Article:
For infants proven to suffer substantial hearing loss in one or both ears, were referred to an Ear, nose, and throat specialist for further evaluation & rehabilitation.

Statistical analysis

All the patient data were entered into Microsoft excel sheets. The Statistical Package for the Social Sciences (SPSS) software version 16 for Windows was used for data analysis. Student’s t test and Chi-square test were used for data analysis. A p value less than 0.05 was considered significant.


In the present study, we have performed the initial screening of 415 newborn by TEOAE, only 22 babies had abnormal results. These 22 babies were further evaluated by AABR at age of 3 months. AABR showed 18 babies with confirmed significant hearing loss. Out of the 22 babies with abnormal results, 16 babies were in with any risk factor group and remaining babies were in without any risk factor group.

The demographic data of the study population, including gestational age, birth weight, gender stratification in with, and without risk factor groups are summarized in Table 1. During the study period neonates with suspected sepsis or clinical sepsis received cefotaxime and amikacin as a first line empirical antibiotic therapy. The newborn with asphyxial encephalopathy with sepsis, nephrotoxic drugs were avoided. The antibiotics were discontinued within 48 h if cultures were sterile. The second line of antibiotics was piperacillin tazobactum or Cefepime and antibiotics were changed as per the sensitivity pattern of the microorganism. In neonates with renal failure drug dose adjustment was performed.

Table 1 Table showing demographics of the population -gestational age, birth weight, gender stratification in the with and without risk factor groups

Out of the 415 newborns screened with TEOAE test 22 (5.68 %) babies had abnormal screen either in single or both ears. Out of total 22 abnormal TEOAE cases, 18 (81.82 %) cases were taking in significant hearing loss with AABR while four (18.2 %) cases had normal AABR (Fig. 1).

Fig. 1
figure 1

Flow diagram with distribution of cases screened by TEOAE and cases with abnormal TEOAE evaluated with AABR

The comparison of various risk factors between normal AABR and abnormal AABR shows that Apgar score at 5 min less than five, NICU admission, the presence of fetal distress, presence of meconium stained amniotic fluid are significantly important predictors for hearing loss (Table 2). The risk stratification of the various factors in the study population has been depicted in the pie diagram (Fig. 2).

Table 2 Table comparing various risk factors associated with hearing loss in BERA positive cases
Fig. 2
figure 2

Pie diagram showing the risk factor stratification in the study population

Maternal fever was present in only 1 % patients antenatally and they all had normal hearing, while rash was present in only 0.3 % of subjects and they also had no significant hearing loss. Blood transfusion history was present in total four patients and out of them three had normal hearing screening and remaining one had significant hearing loss. APH was present in 12 patients out of them ten had normal hearing and two had found significant hearing loss (Table 3).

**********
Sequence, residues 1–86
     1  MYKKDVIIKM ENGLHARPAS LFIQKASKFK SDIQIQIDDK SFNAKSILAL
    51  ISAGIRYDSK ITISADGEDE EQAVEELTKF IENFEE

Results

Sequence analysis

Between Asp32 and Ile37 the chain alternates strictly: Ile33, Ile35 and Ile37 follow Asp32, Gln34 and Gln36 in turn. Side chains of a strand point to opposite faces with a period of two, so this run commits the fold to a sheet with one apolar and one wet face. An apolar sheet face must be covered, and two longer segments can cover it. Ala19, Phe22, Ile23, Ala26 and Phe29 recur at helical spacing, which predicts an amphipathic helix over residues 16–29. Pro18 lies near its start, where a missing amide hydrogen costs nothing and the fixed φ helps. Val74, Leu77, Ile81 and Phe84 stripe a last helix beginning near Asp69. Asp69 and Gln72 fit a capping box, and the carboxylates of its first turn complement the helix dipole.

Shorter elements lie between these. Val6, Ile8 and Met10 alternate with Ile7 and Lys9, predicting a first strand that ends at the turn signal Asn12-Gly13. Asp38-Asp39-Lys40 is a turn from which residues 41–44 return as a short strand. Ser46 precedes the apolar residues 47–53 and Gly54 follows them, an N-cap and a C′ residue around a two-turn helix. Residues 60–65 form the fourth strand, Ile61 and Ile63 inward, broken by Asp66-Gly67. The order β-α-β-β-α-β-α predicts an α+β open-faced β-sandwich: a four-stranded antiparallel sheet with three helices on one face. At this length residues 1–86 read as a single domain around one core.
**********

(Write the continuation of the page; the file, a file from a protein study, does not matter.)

Table 3 Distribution of cases according to antenatal history in relation to significant hearing loss

The working cost for the institute for TEOAE was 250 Indian rupees (4 US dollars) and for AABR was 1300 Indian rupees (21 US dollars). The parents were not billed for either of the probes.


In our survey, among 415 of the total newborns screened 94.7 % (393) cases passed on TEOAE while 5.3 % [19] cases were referred for initial screening at birth.

Nagapoornima et al. conducted a similar study in India and screened a total of 1769 infants (1490: Not at risk; 279: At risk) & reported that 10 babies were having a hearing impairment [20]. The high incidence of hearing impairment seen in our study population could be explained because of neonatal population with different geographical area and also because of different maternal antenatal risk factors. There can be also some unseen environmental and genetic and epigenetic factors responsible for the high incidence of hearing impairment in our studies.

John et al. conducted study in Christian Medical College (C.M.C.) Vellore and evaluated 500 newborns and found 32 (6.4 %) neonates with negative response. These effects are quite comparable to our study. At the second stage screening on 32 (6.4 %) cases by Distortion Product Otoacoustic Emission DPOAE, eight (25 %) were extended to sustain a negative response [21] and similarly in our study four neonates had normal AABR in follow up.

Thomson et al. in their study of newborn screening, included 67,261 newborn from different states and 8.2 % mothers of babies were from 11–19 years age group while 23.1 % were from 20–25 years & 67.5 % mothers were a 25 + age group [22]. In our study case for maximum cases coming from 21–25 years age group was likely due to lower age for matrimony in our region as compared to the western world. We found no link between maternal age and hearing loss.